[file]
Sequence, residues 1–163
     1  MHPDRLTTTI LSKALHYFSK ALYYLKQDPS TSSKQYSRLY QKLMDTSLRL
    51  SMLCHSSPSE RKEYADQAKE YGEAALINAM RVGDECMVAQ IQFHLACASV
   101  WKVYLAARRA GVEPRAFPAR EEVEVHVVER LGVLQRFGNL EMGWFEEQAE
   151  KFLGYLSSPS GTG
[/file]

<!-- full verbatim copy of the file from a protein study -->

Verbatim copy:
Sequence, residues 1–163
     1  MHPDRLTTTI LSKALHYFSK ALYYLKQDPS TSSKQYSRLY QKLMDTSLRL
    51  SMLCHSSPSE RKEYADQAKE YGEAALINAM RVGDECMVAQ IQFHLACASV
   101  WKVYLAARRA GVEPRAFPAR EEVEVHVVER LGVLQRFGNL EMGWFEEQAE
   151  KFLGYLSSPS GTG